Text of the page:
Advertisement
YOU ARE HERE: LAT HomeCollections

HIGH LIFE : Making the Scene at a High School Theater Festival

January 30, 1988|CRAIG ARBOUR | Craig Arbour, a Sonora High junior, is involved with drama and the school newspaper, Los Voces

The house lights go down. The stage lights come up.

The actors take a deep breath and begin. They are taking part in one of the oldest forms of entertainment, the theater.

"I went on stage and felt like I was holding my heart in my hand I was so nervous," said Donnie Linton, a sophomore at Estancia High School.

Last weekend, Linton and students from nine high schools performed at the 17th annual Southern California Educational Theater Assn. High School Theater Festival in Fullerton.

The association is an organization of theater educators, professionals, organizations and individuals dedicated to promoting the theater as art form.

Between October and December of each year, more than 50 member schools have their drama productions judged, and the three best are selected for performance at the festival. In addition, a runner-up six plays are chosen, and individual scenes from each are performed during the festival.

Estancia High School represented Orange County with its full-length production of "The Dining Room," a social comedy that explores the death of the dining room as an institution in the Northeast United States.

In the "Festival of Scenes," Mission Viejo High School drama students performed a scene from "Once in a Lifetime," a play about the adventures of three New Yorkers who migrate to Hollywood in the 1920s to open a boys' school but end up in the motion picture business.

"It was tension and nervousness and excitement all at the same time," said junior Chris Strople, who performed for Estancia High School Sunday afternoon in Plummer Auditorium.

Michelle Frenz, Estancia junior, described performing before such a large audience: "When I first went on I was really scared because it was such a big stage and a big auditorium. Then I felt their (the audience's) presence. They were urging us on."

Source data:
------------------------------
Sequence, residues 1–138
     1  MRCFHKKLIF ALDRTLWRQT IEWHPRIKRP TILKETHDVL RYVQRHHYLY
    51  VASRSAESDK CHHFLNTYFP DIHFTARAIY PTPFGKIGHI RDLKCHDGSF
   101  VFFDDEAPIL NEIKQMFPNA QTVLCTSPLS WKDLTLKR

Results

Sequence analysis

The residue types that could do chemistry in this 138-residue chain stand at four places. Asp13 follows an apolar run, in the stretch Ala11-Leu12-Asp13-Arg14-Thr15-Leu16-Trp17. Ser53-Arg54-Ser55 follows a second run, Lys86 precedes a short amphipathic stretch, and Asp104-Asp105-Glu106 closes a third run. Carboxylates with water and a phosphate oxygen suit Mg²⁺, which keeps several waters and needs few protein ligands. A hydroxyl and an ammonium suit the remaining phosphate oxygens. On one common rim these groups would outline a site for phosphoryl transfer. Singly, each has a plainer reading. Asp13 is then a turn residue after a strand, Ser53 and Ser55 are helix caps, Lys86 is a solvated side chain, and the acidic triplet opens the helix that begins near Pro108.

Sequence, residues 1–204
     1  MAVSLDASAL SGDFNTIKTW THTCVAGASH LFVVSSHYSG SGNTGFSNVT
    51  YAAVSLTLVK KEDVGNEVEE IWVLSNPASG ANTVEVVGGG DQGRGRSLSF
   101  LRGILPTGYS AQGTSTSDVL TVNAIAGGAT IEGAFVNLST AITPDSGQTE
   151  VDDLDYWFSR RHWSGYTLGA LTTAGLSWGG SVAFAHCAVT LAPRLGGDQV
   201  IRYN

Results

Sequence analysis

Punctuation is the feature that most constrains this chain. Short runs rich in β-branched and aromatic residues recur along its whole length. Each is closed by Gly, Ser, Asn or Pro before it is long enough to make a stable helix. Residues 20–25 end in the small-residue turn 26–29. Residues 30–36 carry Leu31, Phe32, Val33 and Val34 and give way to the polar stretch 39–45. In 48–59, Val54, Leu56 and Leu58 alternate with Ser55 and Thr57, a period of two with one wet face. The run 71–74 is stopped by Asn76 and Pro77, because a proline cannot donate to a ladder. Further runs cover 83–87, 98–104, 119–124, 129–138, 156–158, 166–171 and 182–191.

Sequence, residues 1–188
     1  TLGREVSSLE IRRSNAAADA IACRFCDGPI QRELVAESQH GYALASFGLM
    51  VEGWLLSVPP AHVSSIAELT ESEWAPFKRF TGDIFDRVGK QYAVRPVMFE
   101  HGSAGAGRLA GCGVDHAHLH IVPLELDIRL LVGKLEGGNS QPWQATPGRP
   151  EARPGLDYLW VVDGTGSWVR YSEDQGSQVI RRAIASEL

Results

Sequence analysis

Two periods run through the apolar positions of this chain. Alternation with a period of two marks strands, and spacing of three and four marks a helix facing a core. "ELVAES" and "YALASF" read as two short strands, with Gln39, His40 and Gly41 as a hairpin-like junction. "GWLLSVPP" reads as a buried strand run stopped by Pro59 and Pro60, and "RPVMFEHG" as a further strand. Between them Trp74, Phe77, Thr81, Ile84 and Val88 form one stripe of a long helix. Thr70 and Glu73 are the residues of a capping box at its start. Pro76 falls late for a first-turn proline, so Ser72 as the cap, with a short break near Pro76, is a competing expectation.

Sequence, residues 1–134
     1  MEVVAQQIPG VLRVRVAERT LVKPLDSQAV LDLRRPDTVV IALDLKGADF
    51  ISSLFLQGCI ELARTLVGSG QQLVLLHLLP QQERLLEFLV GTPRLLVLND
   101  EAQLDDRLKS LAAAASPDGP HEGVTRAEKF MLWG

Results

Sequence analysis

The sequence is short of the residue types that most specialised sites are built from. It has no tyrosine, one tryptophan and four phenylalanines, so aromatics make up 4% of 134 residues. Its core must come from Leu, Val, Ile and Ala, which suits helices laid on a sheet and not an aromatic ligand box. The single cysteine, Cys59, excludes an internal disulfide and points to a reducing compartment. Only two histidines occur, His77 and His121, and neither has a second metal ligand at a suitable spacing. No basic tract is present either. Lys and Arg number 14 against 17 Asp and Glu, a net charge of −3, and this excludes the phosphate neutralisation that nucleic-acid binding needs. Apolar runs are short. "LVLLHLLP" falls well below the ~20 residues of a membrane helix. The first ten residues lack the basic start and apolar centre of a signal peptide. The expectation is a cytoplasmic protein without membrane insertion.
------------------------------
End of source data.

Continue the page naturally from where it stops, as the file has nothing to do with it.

The actors gave a lot of credit to their director and drama teacher, Barbara Van Holt.

"She's the best director in the world," junior Samantha Fuerbringer said. "We couldn't ask for anyone better."

Van Holt had similar praise for her students. "I was so incredibly proud of them because I knew how hard they worked," she said.

But according to the director, the production did not come off without a few hitches.

"One of the actresses left her costume in the drama room at our school," Van Holt said. "Marcus Walburger, a senior, went back to try to break into the school to get the costume at 2 a.m. He couldn't wait until morning because he had to help put the set up at 8 a.m. Luckily for everyone, when he got to the school, he found that one of the doors had been left open."

For Mission Viejo drama students, their hard work paid off. Many said the feeling they got when the lights came on was unforgettable.

"I was scared and excited at the same time," said sophomore Max Mastrangelo, who won an outstanding performance award for best supporting actor of the festival.

"It was a thrill," junior Natasha Mosoff said. "Dr. (Anne) Vardanian (director) is a great person. It was great working with her."

Mission Viejo's Melanie Caldwell won an outstanding performance award for best supporting actress.

Students also took part in workshops in stage combat, dialects, improvisation, mime and auditioning at Cal State Fullerton.

"All the classes were very motivational," Estancia junior Arielle Lawson said.

Advertisement
Los Angeles Times Articles
|
|
|